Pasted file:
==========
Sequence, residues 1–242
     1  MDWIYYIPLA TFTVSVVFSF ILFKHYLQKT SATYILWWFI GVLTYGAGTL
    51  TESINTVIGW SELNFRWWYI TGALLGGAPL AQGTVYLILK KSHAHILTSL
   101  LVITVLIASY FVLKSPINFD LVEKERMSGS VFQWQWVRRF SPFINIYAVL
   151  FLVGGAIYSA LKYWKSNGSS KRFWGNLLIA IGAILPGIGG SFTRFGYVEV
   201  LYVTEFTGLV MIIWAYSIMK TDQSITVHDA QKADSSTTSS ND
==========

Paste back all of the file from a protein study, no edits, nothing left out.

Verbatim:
Sequence, residues 1–242
     1  MDWIYYIPLA TFTVSVVFSF ILFKHYLQKT SATYILWWFI GVLTYGAGTL
    51  TESINTVIGW SELNFRWWYI TGALLGGAPL AQGTVYLILK KSHAHILTSL
   101  LVITVLIASY FVLKSPINFD LVEKERMSGS VFQWQWVRRF SPFINIYAVL
   151  FLVGGAIYSA LKYWKSNGSS KRFWGNLLIA IGAILPGIGG SFTRFGYVEV
   201  LYVTEFTGLV MIIWAYSIMK TDQSITVHDA QKADSSTTSS ND